Member
May 20, 2010
247
MO
I'm not sure how you can have an expectation of privacy when you are in public and in this case on public land.
 
May 21, 2010
1,176
NJ & IA
There was a discussion about this on the old board, however it is my understanding that in MD, you need to have the recorded party's consent prior to starting filming. The discussion was extensive but that is what it boils down to.
 

mcpd2025

Member
May 20, 2010
1,557
Maryland, USA
Yea, MD requires both parties consent, in both circumstances the defendants violated the law and are facing the consequences of thier illegal actions.


I like the law because it protects me. Whatever I record cannot be altered. My car camera and mic are digitally recorded and saved on a flash drive in a locked box in my trunk that I don't have access to. The video and audio then get uploaded directly to the county server and stored securely where nobody can change what was captured. Whatever someone else records can be edited, words moved around etc. It is very easy to peace together an otherwise legitimate conversation and make it seem controversial.
 

UndercoverVLS

Member
Jun 1, 2010
337
NY
Holy large firearm :shock: :shock: Seems like a gray area to me. I thought the video was going to be a traffic stop with the guy holding a camera in the cops face and not really listening which I feel is wrong. But this case just seems gray, ill leave it at that. Im always pro police but will express what I feel is wrong. The no visible shield is a disaster waiting to happen...
 

cpdchief

Member
May 22, 2010
98
Madison County, AL
mcpd2025 said:
Yea, MD requires both parties consent, in both circumstances the defendants violated the law and are facing the consequences of thier illegal actions.

I like the law because it protects me. Whatever I record cannot be altered. My car camera and mic are digitally recorded and saved on a flash drive in a locked box in my trunk that I don't have access to. The video and audio then get uploaded directly to the county server and stored securely where nobody can change what was captured. Whatever someone else records can be edited, words moved around etc. It is very easy to peace together an otherwise legitimate conversation and make it seem controversial.

OK, so explain this to me... If MD requires two party consent, how do you legally operate a camera in your patrol car? Is there an exeption in the law for LEO's? Is there a court ruling that allows this?


And how does this law protect you, other than if you are acting a fool?


Like has been said above, don't do anything in public you don't want to see on you-tube.
 

mcpd2025

Member
May 20, 2010
1,557
Maryland, USA
Like I said, I notify everyone before hand that they are being audio recorded. If they do not wish to speak, they are not obligated to speak, however they do have to obey my commands. The law protects me because my video can't be turned off in the middle of an incident or the audio taken out or the video edited or altered in any way.


John Q Public can take a video with his cell phone and edit out anything that he wants, including the suspect reaching for a weapon, assaulting me, assaulting someone else, disobeying orders, threatening me, inciting someone else against me, etc etc. Those types of videos are not an accurate assessment of how the situation unfolded. Also, video taken from another direction than mine potentially shows things that I cannot see and does not show things that I can see.


Thanks for the tip, but I am a smart enough and ethical enough officer that I don't worry about my actions, when taken in full scope, being seen by the public. I've been doing this job long enough to know right from wrong and can usually keep my emotions in check.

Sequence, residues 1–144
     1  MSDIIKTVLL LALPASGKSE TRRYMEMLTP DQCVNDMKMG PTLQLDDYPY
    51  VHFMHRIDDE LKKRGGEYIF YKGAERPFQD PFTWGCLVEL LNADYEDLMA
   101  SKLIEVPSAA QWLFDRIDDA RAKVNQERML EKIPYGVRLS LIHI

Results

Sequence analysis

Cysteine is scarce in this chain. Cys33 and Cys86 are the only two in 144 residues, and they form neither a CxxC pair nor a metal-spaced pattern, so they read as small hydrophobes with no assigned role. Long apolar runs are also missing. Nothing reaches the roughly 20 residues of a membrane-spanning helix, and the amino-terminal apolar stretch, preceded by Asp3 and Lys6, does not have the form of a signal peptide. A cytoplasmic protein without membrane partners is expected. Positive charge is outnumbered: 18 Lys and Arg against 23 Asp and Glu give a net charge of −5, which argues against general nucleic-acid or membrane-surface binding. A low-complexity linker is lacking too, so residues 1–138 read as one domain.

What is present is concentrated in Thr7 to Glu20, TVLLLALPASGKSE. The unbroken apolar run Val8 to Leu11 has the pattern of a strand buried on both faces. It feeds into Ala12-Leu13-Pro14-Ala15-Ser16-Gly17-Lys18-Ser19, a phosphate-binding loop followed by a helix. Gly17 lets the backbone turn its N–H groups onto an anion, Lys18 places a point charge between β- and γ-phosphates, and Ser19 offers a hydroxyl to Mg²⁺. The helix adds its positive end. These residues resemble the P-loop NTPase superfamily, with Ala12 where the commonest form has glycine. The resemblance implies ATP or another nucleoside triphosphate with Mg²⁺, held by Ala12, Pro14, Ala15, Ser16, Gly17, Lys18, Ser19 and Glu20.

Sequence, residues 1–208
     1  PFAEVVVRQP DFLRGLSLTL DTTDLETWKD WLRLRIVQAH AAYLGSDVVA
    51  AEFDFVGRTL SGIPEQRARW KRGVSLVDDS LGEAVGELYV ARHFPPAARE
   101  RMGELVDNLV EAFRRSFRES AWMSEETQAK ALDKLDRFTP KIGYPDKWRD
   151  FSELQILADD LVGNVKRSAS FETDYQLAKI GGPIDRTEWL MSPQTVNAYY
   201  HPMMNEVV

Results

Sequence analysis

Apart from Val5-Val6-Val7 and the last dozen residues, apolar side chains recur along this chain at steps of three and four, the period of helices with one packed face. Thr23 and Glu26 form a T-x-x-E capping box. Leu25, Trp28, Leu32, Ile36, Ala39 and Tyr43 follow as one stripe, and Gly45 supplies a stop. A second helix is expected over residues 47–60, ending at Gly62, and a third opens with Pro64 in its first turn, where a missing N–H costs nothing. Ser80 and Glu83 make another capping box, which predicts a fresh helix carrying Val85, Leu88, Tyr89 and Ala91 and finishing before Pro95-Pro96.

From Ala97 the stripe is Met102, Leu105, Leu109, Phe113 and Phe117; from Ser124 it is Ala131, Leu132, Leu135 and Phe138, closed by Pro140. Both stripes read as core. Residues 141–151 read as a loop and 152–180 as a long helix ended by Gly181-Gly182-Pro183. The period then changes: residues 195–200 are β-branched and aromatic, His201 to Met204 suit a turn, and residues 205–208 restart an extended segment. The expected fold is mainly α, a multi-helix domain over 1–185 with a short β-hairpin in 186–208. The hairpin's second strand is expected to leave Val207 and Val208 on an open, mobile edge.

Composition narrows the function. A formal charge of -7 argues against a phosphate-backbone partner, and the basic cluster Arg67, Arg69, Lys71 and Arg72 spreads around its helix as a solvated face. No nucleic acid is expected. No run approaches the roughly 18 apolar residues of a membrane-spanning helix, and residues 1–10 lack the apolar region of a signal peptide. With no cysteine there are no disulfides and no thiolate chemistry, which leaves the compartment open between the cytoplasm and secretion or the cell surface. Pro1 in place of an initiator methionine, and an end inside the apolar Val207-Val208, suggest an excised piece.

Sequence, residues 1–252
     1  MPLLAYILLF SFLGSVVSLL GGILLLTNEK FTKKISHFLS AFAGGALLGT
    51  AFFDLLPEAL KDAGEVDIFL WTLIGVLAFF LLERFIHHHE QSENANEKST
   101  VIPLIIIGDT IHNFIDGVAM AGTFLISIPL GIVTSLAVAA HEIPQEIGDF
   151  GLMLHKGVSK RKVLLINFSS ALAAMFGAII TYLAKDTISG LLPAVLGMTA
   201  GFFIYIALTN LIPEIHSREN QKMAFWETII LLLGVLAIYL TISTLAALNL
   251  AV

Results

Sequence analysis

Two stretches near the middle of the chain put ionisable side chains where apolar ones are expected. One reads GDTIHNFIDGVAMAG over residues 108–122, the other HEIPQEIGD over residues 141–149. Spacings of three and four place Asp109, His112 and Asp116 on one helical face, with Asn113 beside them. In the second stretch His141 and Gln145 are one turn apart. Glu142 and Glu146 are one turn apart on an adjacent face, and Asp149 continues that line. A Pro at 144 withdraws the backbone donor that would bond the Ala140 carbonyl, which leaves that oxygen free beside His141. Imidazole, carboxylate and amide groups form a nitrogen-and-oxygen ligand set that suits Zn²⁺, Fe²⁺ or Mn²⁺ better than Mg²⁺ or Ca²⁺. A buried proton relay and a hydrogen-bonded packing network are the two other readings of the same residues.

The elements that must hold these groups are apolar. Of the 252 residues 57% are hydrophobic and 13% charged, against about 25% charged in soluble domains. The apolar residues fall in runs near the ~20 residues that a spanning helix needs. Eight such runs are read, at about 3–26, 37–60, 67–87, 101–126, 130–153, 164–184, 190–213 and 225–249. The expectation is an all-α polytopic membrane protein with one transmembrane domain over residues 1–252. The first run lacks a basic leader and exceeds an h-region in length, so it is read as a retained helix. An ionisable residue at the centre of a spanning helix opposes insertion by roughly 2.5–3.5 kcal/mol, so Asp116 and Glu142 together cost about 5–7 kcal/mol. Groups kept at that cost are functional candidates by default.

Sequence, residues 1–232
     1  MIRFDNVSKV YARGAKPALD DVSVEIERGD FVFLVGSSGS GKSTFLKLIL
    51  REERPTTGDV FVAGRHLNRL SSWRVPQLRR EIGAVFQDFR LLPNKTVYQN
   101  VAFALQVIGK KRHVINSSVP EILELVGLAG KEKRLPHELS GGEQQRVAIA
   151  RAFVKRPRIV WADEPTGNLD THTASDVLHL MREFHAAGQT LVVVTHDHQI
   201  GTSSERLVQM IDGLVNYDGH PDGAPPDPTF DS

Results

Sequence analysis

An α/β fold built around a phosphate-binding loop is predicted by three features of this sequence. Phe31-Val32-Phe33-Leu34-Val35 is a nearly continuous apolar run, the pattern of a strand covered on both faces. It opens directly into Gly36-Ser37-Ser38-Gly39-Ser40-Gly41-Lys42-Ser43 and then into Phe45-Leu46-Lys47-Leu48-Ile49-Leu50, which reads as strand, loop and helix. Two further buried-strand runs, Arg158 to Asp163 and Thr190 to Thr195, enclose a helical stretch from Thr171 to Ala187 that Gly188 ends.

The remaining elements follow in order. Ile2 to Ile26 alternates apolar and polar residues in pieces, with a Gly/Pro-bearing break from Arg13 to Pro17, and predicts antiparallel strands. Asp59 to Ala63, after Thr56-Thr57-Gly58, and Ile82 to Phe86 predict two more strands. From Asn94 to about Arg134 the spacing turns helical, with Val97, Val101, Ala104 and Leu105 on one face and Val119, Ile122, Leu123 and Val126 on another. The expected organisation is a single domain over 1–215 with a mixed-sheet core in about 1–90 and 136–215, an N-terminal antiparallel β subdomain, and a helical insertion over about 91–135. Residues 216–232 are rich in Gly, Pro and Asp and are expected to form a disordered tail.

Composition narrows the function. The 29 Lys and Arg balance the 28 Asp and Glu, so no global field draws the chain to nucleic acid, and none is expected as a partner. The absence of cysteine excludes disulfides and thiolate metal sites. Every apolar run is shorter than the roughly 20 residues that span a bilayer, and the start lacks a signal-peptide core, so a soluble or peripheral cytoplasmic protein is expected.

Henry455

Member
May 21, 2010
513
Houston, TX
Videotaping of Trooper


Updated: Tuesday, 28 Sep 2010, 8:12 AM EDT


Published : Monday, 27 Sep 2010, 9:06 PM EDT


By BEN NUCKOLS Associated Press Writer


BALTIMORE - A judge threw out criminal charges Monday against a Maryland man who videotaped his traffic stop by a plainclothes state trooper and posted the video on YouTube.


Anthony J. Graber III had been indicted under Maryland's wiretap law, which requires the consent of both parties to record a private conversation. His video shows the trooper pulling his gun and telling Graber to get off his motorcycle before he identifies himself as a police officer.


Harford County Circuit Judge Emory A. Plitt Jr. ruled that the wiretap law did not apply to a traffic stop because the conversation was not private.


"In this rapid information technology era in which we live, it is hard to imagine that either an offender or an officer would have any reasonable expectation of privacy with regard to what is said between them in a traffic stop on a public highway," Plitt wrote.


Harford County State's Attorney Joseph I. Cassilly, who obtained the indictment against Graber, did not immediately return a message seeking comment.


State police spokesman Greg Shipley said the agency respects the judge's ruling and that troopers will be made aware of it. Troopers who suspect a violation of the wiretap law have been told to present the case to prosecutors before pursuing charges, he added.


Graber, 25, still faces traffic charges including reckless driving and negligent driving stemming from the March arrest. He had been recording himself riding on his motorcycle with a camera mounted on his helmet before he was pulled over on an Interstate 95 exit ramp.


After he posted the video, state police obtained a search warrant and seized his computer and other items. Graber was indicted in April.


"This ruling upholds the fundamental right to hold police accountable to the public and constitutional principles they serve," said attorney David Rocah of the American Civil Liberties Union of Maryland, who represented Graber along with a team of private attorneys who took the case pro bono.
 

Ben E.

Member
May 21, 2010
2,417
Iowa, USA
Record away, I say. I don't fuck around so I wouldn't mind seeing myself on youtube being professional. As long as the camera isn't getting shoved in my face, touching me, or causing interference with my work, you're good to go.